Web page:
Of course mistakes happen, and they often make for Youtube videos that achieve a certain notoriety. But consider before judging page turners too harshly: they are not necessarily those most at fault. “I can’t remember the name of the pianist,” hesitates Jean. “It happened at a Sunday afternoon concert in Deauville. It was a concert that was going to be filmed for a television channel, with a TV crane taking up lots of space in the venue, and so on. The pianist had forgotten their score in Paris. Usually scores are copied from the original with a printer that bends the pages slightly, but, of course, a normal photocopy machine does not do that… so what happened next was every page turner’s worst nightmare: in moving one page on the stand, I took two at once. And the scores fell apart.

Jean and Brenda would say the same thing, though: in most cases, turning the pages is not that hard. If they do it a little too soon or too late, the pianist adapts, as the score often only serves as a memory aid for the artist. And this, according to Jean, shows how issues with page turning often reveal how serious the musicians are. “There are pianists with whom it’s hard: we turn at the last note, they shake their head; we turn two bars in advance, they shake their head… That’s a sign that they don’t know the score well enough! When a pianist studies the score, they pay particular attention to the page turnings, they work them, with a hand, with the other... “ Jean would not name any names, but he admits that he has “a little list”. In over 30 years of experience, we can trust him: how many people are as familiar with the Parisian piano world as him?

Jean Fröhlich between Guillaume Bellom and Yan Levionnois © Claude Doaré
Jean Fröhlich between Guillaume Bellom and Yan Levionnois
© Claude Doaré

But he’s modest about it. He refuses to consider the artistic aspect of his job. “I keep my head down, honestly.” He doesn’t think about the limelight or the thrill of the challenge. They called him for an unique project: turning the pages for Christian Tetzlaff in the Violin Concerto by Jörg Widmann, a piece “where the violin is jumps around like a grasshopper for 27 minutes without break”. If he accepts, is not because of the challenge. Even if he’s sitting on a 6-inch-high cube, hardly able to even see the score and only half seeing the directions of the conductor. Why, then? He pauses for thought. Eventually he says: “It’s my sense of duty, the pleasure of a job well done, even if no one can see it. Especially if no one can see it.”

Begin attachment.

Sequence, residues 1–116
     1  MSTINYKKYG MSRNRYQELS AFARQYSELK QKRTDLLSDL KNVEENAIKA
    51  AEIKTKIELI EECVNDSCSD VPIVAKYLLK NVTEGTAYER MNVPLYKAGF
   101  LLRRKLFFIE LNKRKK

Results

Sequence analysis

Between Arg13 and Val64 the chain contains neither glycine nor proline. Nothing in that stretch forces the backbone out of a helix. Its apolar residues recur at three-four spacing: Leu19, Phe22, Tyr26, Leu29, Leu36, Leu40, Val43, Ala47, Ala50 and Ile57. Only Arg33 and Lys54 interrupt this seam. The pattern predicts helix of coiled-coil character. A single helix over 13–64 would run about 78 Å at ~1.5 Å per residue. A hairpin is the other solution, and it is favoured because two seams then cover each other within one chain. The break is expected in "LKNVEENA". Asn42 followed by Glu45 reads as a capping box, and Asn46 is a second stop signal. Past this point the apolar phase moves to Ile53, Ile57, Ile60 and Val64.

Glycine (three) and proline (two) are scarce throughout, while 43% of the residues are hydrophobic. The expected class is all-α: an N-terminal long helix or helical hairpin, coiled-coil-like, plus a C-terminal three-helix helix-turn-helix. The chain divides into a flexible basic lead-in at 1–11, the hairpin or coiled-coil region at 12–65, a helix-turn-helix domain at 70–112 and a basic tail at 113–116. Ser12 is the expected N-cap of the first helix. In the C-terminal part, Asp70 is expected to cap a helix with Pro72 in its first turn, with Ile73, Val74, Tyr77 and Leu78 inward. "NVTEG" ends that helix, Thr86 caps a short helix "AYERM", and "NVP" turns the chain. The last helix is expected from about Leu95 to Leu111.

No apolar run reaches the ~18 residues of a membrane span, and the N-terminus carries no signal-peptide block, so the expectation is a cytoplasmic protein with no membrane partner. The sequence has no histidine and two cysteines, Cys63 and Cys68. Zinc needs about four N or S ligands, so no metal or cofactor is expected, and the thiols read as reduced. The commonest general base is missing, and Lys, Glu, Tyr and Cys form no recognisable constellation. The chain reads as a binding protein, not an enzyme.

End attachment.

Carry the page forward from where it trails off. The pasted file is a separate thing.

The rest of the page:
Something that Jean finds particularly amusing is that he plays the part of the invisible man, he with his 6-foot frame, he who hasn’t just worked with pianists: his 400 concerts on the stand of the great organ in Notre-Dame in Paris have a special place in his life as a page turner. Especially since he was also asked to take on the substantial responsibility of operating the 130 stops of the gigantic instrument. At first, he followed the instructions of the musicians, but eventually some organists, such as Arnold Batselaere or Yves Devernay, trusted him so completely during their improvisations that they would leave the page turner to take the lead to decide when to execute “their“ crescendo. All while keeping completely anonymous from the stands, the audience utterly unaware. “The audience does not even know that we exist,” says Jean with a big smile. This interview is almost veering into the realm of science fiction: all this power in the hands of an invisible man, can we even imagine it?

Translated from French by Laura Volpi.